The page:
Sam Br, African American Civil Rights Radio Caucus, Washington discussed on Radio Survivor Podcast

Automatic TRANSCRIPT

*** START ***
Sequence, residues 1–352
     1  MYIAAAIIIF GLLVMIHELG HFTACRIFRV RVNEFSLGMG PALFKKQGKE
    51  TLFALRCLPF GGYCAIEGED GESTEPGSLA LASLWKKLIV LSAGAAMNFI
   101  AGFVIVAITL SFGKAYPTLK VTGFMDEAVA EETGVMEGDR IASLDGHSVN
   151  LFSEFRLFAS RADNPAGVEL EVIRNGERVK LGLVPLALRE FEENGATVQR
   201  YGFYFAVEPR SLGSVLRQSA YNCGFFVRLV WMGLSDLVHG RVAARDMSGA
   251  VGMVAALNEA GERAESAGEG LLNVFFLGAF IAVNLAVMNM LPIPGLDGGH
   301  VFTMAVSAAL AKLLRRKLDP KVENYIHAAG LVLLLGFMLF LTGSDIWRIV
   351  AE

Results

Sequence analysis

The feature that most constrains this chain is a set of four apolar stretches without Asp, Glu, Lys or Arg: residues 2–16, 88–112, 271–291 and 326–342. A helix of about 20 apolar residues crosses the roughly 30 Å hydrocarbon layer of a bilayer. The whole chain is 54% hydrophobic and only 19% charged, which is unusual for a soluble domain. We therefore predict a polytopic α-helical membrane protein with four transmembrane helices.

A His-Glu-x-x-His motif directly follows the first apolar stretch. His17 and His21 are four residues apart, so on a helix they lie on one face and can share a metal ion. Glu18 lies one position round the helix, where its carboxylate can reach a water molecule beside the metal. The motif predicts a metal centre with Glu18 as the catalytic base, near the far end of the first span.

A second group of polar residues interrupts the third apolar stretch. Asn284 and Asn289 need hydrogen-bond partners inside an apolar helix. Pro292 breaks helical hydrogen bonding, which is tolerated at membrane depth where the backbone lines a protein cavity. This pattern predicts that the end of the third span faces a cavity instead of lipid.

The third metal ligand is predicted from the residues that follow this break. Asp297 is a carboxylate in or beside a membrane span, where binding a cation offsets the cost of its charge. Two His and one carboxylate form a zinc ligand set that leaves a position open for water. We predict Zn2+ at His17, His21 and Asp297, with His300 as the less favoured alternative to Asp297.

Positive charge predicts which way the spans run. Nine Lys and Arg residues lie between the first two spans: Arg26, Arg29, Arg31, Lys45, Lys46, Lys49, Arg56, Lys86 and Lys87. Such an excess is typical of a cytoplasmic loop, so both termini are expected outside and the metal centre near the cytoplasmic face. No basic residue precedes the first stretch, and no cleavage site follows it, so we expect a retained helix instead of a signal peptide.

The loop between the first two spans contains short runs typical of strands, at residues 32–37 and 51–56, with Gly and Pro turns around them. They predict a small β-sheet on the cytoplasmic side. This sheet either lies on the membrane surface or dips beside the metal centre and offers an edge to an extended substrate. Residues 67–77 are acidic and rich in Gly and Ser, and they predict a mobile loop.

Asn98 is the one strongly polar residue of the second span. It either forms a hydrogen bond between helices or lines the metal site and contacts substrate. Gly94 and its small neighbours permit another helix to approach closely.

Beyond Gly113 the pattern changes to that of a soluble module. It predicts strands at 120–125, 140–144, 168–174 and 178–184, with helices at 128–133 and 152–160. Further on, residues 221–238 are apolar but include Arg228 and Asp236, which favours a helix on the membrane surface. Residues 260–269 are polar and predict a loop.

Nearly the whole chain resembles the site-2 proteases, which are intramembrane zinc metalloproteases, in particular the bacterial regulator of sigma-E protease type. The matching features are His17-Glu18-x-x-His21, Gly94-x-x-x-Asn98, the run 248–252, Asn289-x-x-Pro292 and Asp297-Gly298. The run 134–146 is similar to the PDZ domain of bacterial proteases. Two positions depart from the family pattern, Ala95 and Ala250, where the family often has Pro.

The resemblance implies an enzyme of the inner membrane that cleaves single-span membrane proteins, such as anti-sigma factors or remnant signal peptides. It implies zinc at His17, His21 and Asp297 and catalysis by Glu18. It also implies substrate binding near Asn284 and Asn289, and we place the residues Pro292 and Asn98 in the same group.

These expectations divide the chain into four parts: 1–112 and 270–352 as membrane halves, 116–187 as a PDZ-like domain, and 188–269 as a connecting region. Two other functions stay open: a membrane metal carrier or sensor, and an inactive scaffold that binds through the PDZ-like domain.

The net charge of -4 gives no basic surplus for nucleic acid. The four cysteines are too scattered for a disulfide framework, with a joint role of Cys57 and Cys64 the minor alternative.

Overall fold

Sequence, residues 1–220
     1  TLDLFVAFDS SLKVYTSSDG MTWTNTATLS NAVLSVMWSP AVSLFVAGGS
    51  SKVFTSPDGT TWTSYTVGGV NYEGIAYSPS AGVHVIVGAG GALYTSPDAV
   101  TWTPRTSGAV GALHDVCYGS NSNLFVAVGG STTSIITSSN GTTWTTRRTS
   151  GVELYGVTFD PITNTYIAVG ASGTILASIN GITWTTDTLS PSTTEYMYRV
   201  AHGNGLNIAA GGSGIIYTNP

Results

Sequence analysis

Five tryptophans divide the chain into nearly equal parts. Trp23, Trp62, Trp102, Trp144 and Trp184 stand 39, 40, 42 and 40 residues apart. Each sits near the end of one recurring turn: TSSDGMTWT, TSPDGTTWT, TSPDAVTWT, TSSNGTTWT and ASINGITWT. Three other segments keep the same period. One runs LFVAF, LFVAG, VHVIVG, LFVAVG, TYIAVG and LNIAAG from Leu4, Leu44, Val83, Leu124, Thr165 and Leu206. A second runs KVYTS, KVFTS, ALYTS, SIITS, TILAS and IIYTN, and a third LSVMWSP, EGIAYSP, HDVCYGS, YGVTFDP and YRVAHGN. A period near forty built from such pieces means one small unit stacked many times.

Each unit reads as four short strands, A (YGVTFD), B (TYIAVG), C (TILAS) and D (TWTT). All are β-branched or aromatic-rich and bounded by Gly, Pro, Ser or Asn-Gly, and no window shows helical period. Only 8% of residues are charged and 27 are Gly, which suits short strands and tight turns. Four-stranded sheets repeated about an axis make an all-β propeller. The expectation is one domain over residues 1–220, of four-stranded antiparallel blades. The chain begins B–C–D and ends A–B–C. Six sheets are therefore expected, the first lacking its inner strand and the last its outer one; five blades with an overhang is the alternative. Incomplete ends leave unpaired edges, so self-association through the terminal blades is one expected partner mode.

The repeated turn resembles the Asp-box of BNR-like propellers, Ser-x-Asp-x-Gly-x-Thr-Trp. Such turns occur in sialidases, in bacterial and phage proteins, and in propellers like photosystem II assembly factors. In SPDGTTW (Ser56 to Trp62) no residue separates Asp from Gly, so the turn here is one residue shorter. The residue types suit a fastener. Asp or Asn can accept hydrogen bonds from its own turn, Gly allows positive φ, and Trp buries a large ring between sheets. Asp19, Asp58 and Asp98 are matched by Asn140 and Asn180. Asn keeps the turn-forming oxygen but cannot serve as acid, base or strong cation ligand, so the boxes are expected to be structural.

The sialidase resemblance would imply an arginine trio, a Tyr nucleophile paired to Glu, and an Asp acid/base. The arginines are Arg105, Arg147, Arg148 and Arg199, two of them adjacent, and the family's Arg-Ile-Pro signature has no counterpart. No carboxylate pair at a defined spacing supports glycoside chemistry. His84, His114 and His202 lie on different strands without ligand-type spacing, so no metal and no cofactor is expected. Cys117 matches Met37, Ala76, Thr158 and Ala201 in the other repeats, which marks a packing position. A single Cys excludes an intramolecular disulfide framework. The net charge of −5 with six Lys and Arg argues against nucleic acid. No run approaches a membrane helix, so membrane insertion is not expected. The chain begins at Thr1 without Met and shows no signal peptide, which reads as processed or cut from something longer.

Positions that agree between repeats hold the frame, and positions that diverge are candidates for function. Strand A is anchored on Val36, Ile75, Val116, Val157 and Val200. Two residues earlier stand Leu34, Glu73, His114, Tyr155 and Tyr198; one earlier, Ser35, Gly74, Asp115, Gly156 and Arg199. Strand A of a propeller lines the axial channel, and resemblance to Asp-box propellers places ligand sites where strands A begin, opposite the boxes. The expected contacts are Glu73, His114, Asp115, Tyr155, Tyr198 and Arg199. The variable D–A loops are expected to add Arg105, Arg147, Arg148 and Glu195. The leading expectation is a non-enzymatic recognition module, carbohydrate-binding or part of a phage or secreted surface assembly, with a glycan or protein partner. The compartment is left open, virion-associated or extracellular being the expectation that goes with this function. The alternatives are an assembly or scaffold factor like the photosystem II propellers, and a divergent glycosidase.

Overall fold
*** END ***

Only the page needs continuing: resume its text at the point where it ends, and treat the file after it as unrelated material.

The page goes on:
And so a third of US have radio stations and I knew this because working at central state were WC issue is located. It is credited with having the first FCC license of an HBO. Station in nineteen, sixty two. So So I, I had a little bit of a connection there but I it was curiosity and so that curiosity was really Nurtured when I. Went Back to school after I. Quit my day job to get a Grad cert in archives and went to Wright state, universities, public history program, which is of very fine program and In the course of doing a class assignment I learned about a guy named Sam Br. Allow Ski. Who worked at the the Library of Congress and WHO had was quoted in a very interesting article that was in the rolling stone about digital preservation of of materials at a music recording studios, how reissues of the best of kind of albums was getting difficult because in the early digital era? there was very little Meta data attached to these early digital files and masters were being lost. And it was. It was difficult to to reissue some of these materials because various tracks were missing anyway. I thought that was fascinating and I thought he he sounded interesting. So when I googled him I found out that he was giving the keynote address at the very first radio preservation task force conference in Washington that's right. Yes I was there So I made a deal, I found out about it. I made a deal with my faculty to give me my midterms early. So I could go to the the conference with the promise that I would do a presentation on it when I got back and when I got there I sort of fell into that community of radio preservationists and Met Sonia Williams who is currently chairing the Communications Department at Howard University a longtime producer in Washington DC and I was invited to serve on the African American Civil Rights Radio Caucus of the of the task force which she chairs. And it so that you know the rest is history kind of thing I've I've been involved with that larger group talking about the issues of preservation of audio preservation and Just's. Having that curiosity again nurtured by. By folks who are curious themselves. Well and what I like about your project is you know I'm very interested in College Radio Archives in history and it's a bit overwhelming. So I liked that yours is at least finite, you know the number of stations that exist and and you can actually try to track them. So so that's what you're doing. You're you're trying to survey the landscape of what is housed at different historically black college and university radio stations. Could you could you describe a little bit? Is there a typical hp cu college radio station or are they just as diverse as every other college radio station?.

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